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|Title:||Phase evolution and local structure in [Cs, MA][Pb, Sr][Cl, Br]3 perovskites||Authors:||Dintakurti, Sri Harsha Satya Sai||Keywords:||Engineering::Materials||Issue Date:||2021||Publisher:||Nanyang Technological University||Source:||Dintakurti, S. H. S. S. (2021). Phase evolution and local structure in [Cs, MA][Pb, Sr][Cl, Br]3 perovskites. Doctoral thesis, Nanyang Technological University, Singapore. https://hdl.handle.net/10356/157071||Abstract:||Organic-inorganic hybrid lead halide perovskite materials have a wide flexibility for tuning crystal chemistry and adjusting properties. The prototype of this family is methylammonium lead triiodide (CH3NH3PbI3), but several chemical analogues where the organic component, Pb2+ or I-, are replaced by compatible chemical entities have been described. Recently, this class of compounds has garnered attention due to their potential as photoactive materials for deployment in low-cost solar cells, light emitting diodes and semiconductor lasers. However, prolonging the device lifetime requires overcoming challenges pertaining to phase stability, lead toxicity and moisture sensitivity. This thesis is concerned with investigating the phase evolution and local structure in lead halide perovskite materials. CH3NH3PbCl3 (MAPbCl3) and CH3NH3PbBr3 (MAPbBr3) adopt perovskite aristotype symmetry (cubic Pm-3m) at room temperature while their Cs analogues exist in the CaTiO3–type holotype (orthorhombic Pnma) structure. Methylammonium lead halide perovskites (MAPbX3) have been widely investigated for optoelectronic applications with the addition of Cs improving structural and thermal stability. This study maps the phase evolution during Cs substitution in MAPbCl3 and MAPbBr3. The complete A-site miscibility of cesium and methylammonium (MA) in the lead chloride and bromide perovskites is demonstrated with mechanochemically prepared samples having a nominal stoichiometric composition Csx(CH3NH3)1-xPb(Cl/Br)3 (x = 0, 0.13, 0.25, 0.37, 0.50, 0.63, 0.75, 0.87, 1). High resolution 133Cs/207Pb/13C/1H magic angle spinning nuclear magnetic resonance spectrometry (MAS-NMR) verified each composition was single-phase and highly ordered. Single resonances observed in the high resolution 133Cs and 207Pb MAS NMR confirm a continuous solid solution across the MAPbX3 – CsPbX3 join. Calibrating the compositional space to NMR chemical shifts, the 133Cs NMR can directly establish the Cs/MA ratio and probe sample homogeneity; this is especially valuable for nanoparticle forms where the X-ray reflections are less separated. In this manner, the advantages of solid-state NMR to validate perovskite homogeneity and chemistry simultaneously and non-destructively are demonstrated for this class of materials. The structural evolution from cubic to orthorhombic symmetry accompanying changes in composition and temperature reflects PbX6 octahedral tilting while maintaining perovskite framework topology. These polymorphic transitions were monitored by Rietveld refinement of powder X-ray diffraction (XRD) data to create phase diagrams in composition space. Timeresolved photoluminescence (TRPL) measurements of nanocrystalline Csx(CH3NH3)1-xPbBr3 revealed the optimized 13 mol% Cs nanoparticle composition exhibits the longest charge carrier lifetime and enhancement in radiative pathways with the highest photoluminescence quantum yield (PLQY) of ∼88%. The composition with superior cubic phase stability (Cs0.13MA0.87PbBr3) has been identified as having the greatest potential for LED applications. To date, efforts to replace lead with other ions in lead halide perovskites while maintaining high functionality in photovoltaic applications met with mixed success. This study explored the role of stereochemically active Pb2+ lone pair electrons in stabilizing atomic disorder across the CsPbCl3-CsSrCl3 and CsPbBr3-CsSrBr3 chemical joins. Continuous solid solutions of CsPbxSr1-xCl3 and CsPbxSr1-xBr3 (x = 0, 0.1, 0.2, 0.3, 0.4, 0.5, 0.6, 0.7, 0.8, 0.9, 1) have been prepared using solid state synthesis techniques while the composition and homogeneity have been verified by solid-state NMR and powder X-ray diffraction studies. The 207Pb MAS NMR displayed 7 resonances with a binomial distribution arising from 0-6 nearest neighbour cations being replaced with Sr2+. The average chemical shift of each environment increases non-linearly with lead content. The presence of cross peaks in 207Pb-207Pb NOESY spectra further confirm that the resonances from various lead environments are arising from a solid-solution and not phase-separated compounds. 35Cl MAS NMR proved diagnostic of the disorder at the halide site, providing the relationship between lead content and halide ion disorder. This study points towards the structure directing role of stereoactive lone pair electrons (SLPe−) in determining halide ion disorder making them an essential feature to maintain high halide disorder. This thesis provides a comprehensive description of the local environment of lead in the plumbous perovskites Csx(CH3NH3)1-xPb(Cl/Br)3 and CsPbxSr1-x(Cl/Br)3 integrated with the nature of the average extended crystal structures. In so doing, a complete mapping of cubic Pm-3m phase stability as a function of temperature and composition was constructed. This was possible by deploying the less common mechanochemical alloying technique to prepare the perovskites without the loss of volatile components and maintain putative compositions. Solid state NMR has been established as a viable alternative for characterizing the composition in these materials. The structural changes correlate with improvements in optical properties highlighting the association between phase stability and optical performance. Future investigations should include A-site substitutions with multiple ions (formamidinium, methylammonium, Cs+, Rb+) to identify the most stable and high-functioning compositions. Detailed DFT modelling of the structure directing role of stereoactive lone pair electrons would support the experimental observations, however modelling the relativistic electrons in Pb remains challenging.||URI:||https://hdl.handle.net/10356/157071||DOI:||10.32657/10356/157071||Rights:||This work is licensed under a Creative Commons Attribution-NonCommercial 4.0 International License (CC BY-NC 4.0).||Fulltext Permission:||open||Fulltext Availability:||With Fulltext|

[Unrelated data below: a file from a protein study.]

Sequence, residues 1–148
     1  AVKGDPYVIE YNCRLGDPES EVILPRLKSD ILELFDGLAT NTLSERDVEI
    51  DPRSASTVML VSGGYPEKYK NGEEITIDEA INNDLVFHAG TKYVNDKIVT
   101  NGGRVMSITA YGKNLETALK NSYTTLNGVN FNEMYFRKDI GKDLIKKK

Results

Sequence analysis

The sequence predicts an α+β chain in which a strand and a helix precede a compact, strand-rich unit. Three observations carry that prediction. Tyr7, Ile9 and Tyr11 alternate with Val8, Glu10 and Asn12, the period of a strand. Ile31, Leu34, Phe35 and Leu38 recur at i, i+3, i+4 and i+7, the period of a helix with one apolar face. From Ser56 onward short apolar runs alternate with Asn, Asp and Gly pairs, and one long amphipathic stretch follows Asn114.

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Updated on Jan 28, 2023
Updated on Jan 28, 2023